Bryan Adams Promotes False Coronavirus Myths In Bizarre Rant On Instagram And Twitter

The Canadian singer wasn't happy about his shows getting cancelled amid the pandemic.

It was the summer of ’69 some really bad takes.

Canadian rock legend Bryan Adams has joined the list of celebrities who have decided to make their uninformed views on the ongoing COVID-19 pandemic public for no apparent reason.

On Monday, Adams posted an Instagram video of himself performing his hit single “Cuts Like A Knife,” accompanied by an angry rant filled with false claims for a caption.

Adams said he was supposed to be performing at the Royal Albert Hall in London, England, but the gigs had been cancelled because of safety measures around the pandemic.

The musician had some very specific descriptors for who he thought was to blame for “the whole world” being “on hold.”

Adams deleted his tweet late Monday night. You can read his rant on Instagram. Warning: graphic language.

Adams, who is a longtime vegan, has posted previously about wet markets, which sell fresh meat, fish, and produce. In Monday’s post, he promoted inaccurate claims that have often been used in racist attacks against Asian populations during the pandemic.

While wet markets in China have been investigated and linked to diseases like SARS, there are several factors that play into a pandemic. Early research suggests that the novel coronavirus responsible for COVID-19 may have started with a bat, but there’s no proof that it began because of people eating them, as Adams suggests, and the latter claim is widely regarded as false.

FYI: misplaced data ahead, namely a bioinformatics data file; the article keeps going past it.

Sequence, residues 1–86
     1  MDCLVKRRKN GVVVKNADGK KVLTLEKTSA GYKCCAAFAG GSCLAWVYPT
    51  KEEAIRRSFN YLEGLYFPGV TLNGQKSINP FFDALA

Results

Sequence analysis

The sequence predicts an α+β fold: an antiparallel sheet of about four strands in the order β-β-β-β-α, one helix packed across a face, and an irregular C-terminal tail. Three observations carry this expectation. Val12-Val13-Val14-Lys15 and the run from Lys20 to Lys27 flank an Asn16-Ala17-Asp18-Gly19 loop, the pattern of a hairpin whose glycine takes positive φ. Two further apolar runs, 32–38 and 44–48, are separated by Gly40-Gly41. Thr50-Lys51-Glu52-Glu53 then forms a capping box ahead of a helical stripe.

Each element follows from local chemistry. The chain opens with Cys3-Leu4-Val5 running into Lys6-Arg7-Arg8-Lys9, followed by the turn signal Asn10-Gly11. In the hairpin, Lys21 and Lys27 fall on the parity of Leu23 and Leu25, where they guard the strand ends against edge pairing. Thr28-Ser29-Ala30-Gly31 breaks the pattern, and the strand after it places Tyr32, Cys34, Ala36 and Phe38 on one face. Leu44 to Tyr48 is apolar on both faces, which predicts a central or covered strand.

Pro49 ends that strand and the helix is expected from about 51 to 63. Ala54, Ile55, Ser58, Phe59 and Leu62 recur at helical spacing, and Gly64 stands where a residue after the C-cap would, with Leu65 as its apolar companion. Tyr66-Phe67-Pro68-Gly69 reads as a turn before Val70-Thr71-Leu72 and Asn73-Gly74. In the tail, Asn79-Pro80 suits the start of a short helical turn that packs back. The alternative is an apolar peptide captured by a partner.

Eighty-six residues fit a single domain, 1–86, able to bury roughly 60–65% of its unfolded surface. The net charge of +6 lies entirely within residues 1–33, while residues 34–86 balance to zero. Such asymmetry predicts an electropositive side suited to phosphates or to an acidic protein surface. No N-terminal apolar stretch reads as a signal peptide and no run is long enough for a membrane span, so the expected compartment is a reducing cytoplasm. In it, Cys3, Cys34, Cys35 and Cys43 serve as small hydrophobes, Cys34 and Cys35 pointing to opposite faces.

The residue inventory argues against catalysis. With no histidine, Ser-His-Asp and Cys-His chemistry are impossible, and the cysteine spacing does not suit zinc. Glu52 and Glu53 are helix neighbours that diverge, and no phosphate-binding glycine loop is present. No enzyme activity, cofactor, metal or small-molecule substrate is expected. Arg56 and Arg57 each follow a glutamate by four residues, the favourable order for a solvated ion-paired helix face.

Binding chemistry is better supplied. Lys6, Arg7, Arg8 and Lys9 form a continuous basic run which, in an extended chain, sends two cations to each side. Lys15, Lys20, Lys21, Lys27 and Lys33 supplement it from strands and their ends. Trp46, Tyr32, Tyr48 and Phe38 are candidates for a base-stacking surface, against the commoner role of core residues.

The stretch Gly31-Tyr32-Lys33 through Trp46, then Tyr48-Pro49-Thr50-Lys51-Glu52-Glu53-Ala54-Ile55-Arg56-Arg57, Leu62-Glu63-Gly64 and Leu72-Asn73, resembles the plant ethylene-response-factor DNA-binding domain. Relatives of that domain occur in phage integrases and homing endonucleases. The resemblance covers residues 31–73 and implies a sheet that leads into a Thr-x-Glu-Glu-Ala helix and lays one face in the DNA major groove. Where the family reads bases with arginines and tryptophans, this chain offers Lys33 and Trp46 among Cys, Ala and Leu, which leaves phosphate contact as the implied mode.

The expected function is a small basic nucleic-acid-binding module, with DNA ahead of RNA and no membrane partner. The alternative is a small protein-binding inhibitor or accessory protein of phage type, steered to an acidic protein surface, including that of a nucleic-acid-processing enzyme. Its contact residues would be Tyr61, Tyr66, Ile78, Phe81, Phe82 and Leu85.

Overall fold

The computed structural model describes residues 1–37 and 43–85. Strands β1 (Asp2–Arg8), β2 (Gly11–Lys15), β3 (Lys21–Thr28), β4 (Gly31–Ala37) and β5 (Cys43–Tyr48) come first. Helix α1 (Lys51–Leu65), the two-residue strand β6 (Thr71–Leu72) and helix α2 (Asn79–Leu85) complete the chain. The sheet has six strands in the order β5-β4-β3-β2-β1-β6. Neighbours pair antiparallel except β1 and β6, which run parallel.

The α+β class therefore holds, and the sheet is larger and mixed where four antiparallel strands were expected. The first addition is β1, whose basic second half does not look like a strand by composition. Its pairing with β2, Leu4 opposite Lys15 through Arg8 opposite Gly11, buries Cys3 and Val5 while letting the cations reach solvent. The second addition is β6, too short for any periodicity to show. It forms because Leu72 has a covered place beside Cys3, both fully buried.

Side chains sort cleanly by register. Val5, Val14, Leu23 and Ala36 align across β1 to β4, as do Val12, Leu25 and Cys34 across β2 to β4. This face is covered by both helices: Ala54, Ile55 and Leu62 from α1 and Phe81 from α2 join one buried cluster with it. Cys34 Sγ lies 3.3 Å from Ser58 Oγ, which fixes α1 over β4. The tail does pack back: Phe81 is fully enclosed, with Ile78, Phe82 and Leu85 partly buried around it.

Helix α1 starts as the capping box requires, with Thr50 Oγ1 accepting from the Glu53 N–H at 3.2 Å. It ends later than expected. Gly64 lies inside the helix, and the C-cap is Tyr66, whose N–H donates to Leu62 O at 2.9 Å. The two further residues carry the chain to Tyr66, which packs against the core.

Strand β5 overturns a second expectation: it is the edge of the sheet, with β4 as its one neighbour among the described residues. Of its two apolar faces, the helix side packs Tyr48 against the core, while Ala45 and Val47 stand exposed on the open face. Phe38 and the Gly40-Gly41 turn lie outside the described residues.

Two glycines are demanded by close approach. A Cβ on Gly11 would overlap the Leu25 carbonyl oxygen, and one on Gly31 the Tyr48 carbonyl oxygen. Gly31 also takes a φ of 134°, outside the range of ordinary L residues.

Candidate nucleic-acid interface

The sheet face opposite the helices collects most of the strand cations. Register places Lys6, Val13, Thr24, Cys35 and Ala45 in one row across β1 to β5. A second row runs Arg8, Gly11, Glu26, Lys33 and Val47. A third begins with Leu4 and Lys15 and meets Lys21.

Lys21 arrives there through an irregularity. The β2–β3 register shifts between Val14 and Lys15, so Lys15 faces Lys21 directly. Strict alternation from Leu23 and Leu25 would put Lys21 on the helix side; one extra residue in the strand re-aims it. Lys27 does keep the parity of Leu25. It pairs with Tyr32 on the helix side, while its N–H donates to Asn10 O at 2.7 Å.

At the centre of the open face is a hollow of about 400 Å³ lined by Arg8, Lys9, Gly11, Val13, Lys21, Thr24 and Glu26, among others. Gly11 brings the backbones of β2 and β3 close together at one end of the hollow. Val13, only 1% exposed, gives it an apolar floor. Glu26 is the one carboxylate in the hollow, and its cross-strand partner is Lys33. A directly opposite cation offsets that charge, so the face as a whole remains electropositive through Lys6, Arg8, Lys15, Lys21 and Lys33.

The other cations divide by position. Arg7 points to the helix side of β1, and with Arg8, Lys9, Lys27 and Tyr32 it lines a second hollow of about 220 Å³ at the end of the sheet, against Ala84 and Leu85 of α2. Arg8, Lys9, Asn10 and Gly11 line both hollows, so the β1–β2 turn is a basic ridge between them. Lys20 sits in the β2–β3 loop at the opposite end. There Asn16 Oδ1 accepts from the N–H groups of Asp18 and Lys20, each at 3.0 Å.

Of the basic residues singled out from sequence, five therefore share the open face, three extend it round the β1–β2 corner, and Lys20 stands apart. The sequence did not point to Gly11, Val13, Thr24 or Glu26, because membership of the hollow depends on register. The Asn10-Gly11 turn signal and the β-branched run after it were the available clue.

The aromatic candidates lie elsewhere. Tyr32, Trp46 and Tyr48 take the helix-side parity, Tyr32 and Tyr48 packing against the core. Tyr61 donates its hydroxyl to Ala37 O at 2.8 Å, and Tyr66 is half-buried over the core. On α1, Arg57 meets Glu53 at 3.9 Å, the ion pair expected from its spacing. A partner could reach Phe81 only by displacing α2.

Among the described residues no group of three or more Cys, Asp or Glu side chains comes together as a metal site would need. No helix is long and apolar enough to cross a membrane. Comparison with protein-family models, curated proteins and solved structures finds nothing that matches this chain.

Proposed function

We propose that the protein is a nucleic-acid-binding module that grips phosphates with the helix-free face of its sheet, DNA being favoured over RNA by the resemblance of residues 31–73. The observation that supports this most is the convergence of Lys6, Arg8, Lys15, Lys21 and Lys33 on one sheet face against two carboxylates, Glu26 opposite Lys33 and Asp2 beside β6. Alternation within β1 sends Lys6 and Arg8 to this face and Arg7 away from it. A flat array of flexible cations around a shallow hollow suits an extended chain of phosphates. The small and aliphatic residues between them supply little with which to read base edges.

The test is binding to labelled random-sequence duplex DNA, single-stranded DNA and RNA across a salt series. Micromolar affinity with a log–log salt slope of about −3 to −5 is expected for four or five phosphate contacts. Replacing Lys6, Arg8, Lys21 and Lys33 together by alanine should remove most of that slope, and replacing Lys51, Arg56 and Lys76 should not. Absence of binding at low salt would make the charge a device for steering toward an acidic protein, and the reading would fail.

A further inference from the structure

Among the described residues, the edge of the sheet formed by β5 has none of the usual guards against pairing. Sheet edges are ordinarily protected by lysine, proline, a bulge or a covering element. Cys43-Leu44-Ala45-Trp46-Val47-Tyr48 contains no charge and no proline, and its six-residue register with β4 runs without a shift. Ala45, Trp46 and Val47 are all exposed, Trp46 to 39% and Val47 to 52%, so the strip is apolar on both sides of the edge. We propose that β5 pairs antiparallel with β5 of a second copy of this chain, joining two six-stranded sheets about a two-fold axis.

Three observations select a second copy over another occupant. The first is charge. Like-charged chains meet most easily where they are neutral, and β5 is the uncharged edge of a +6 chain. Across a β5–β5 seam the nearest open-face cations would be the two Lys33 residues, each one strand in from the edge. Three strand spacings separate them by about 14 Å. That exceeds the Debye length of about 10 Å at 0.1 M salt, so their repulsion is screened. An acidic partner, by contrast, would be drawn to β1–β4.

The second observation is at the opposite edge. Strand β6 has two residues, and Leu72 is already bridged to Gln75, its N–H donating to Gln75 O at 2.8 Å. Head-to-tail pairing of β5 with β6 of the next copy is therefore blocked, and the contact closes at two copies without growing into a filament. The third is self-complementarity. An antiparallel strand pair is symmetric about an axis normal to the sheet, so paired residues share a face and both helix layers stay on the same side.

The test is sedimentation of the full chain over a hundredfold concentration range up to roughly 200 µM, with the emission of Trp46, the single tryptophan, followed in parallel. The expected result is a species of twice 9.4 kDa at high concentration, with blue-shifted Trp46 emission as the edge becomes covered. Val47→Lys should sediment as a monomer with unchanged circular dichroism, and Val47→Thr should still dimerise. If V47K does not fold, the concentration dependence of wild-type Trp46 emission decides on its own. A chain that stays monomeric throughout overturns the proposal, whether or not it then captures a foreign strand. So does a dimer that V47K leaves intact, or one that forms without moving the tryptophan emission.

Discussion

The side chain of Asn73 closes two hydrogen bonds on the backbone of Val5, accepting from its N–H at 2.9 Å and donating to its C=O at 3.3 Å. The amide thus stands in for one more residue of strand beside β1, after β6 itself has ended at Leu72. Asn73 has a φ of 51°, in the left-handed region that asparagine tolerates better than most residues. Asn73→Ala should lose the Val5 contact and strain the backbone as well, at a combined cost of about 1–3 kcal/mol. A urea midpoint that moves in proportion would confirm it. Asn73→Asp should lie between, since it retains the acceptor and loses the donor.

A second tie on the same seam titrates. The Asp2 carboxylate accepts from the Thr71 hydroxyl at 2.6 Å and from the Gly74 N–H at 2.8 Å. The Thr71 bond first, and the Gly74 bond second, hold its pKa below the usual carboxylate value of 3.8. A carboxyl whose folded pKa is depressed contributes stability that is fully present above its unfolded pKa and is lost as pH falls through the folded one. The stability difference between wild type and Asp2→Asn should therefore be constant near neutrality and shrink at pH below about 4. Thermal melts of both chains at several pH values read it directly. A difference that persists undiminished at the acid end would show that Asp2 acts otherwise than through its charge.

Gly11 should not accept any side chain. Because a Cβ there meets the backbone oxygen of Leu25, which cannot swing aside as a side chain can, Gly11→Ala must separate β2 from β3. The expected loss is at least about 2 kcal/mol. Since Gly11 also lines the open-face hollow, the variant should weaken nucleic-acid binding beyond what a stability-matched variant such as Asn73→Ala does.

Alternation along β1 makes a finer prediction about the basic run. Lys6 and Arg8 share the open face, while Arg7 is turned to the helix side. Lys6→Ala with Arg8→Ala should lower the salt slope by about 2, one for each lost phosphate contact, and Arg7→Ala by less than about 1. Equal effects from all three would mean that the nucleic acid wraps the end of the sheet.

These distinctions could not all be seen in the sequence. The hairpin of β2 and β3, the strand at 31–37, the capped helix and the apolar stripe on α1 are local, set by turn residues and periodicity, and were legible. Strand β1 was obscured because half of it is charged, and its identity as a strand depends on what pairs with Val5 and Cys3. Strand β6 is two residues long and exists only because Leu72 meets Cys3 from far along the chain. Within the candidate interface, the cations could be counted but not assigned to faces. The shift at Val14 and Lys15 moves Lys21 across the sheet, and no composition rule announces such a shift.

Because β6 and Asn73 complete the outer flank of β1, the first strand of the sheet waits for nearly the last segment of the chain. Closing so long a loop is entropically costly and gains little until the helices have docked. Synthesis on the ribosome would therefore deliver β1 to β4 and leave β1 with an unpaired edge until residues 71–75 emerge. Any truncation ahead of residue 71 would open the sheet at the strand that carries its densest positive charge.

The more accepted — but still unproven — hypothesis is that another animal contracted the SARS CoV-2 virus from bats and passed it onto humans.

And on the theory that that contact was made at a live-animal market in Wuhan, Prof. Stephen Turner, head of the department of microbiology at Melbourne’s Monash University, told the Guardian: “I don’t think it’s conclusive by any means.”

The 60-year-old performer Adams is a known animal rights activist and constantly advocates for the vegan diet. He joins celebrities like Ricky Gervais, Joaquin Phoenix and Paul McCartney, who have also called for the closure of such markets.

As for the accusation of there being “virus making greedy bastards” — the conspiracy of the virus being created in a lab in China has been falsely promoted by U.S. President Donald Trump as well — experts say there’s absolutely no scientific evidence behind this claim.

HuffPost Canada has reached out to Adams’ representatives for comment, and will update this post if they respond.

While Adams wrote the post to apologize to fans for the cancelled shows and push his incorrect beliefs, it seemed to have mostly backfired, with many of the responses calling him and his message racist:

Some called for Royal Albert Hall to denounce him, and for Gov. Gen. Julie Payette to revoke Adams’ Order of Canada honour.

Others couldn’t resist taking shots at his music:

Some called him out for ignoring the severity of the situation and the hundreds of thousands of lives lost and millions affected, and instead making it all about him:

Adams also closed off the comments on his Instagram post late Monday night, and edited the caption to add, “not to mention the thousands that have suffered or died from this virus,” which he did not, in fact, mention his original post.

With files from Lisa Yeung

UPDATE - May 12, 2020: Bryan Adams released an apology on Instagram the day after his original posts. “No excuse, I just wanted to have a rant about the horrible animal cruelty in these wet-markets being the possible source of the virus, and promote veganism,” he wrote.